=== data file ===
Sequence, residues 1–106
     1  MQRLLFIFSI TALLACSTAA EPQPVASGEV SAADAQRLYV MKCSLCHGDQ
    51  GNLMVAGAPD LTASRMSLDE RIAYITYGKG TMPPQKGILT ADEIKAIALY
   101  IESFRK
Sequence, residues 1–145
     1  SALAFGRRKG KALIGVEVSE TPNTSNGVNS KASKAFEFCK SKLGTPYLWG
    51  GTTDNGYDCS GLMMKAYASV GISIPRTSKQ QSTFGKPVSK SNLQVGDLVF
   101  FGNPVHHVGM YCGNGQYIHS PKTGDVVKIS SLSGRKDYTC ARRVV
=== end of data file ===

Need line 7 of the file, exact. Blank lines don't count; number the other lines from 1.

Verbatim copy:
    51  GTTDNGYDCS GLMMKAYASV GISIPRTSKQ QSTFGKPVSK SNLQVGDLVF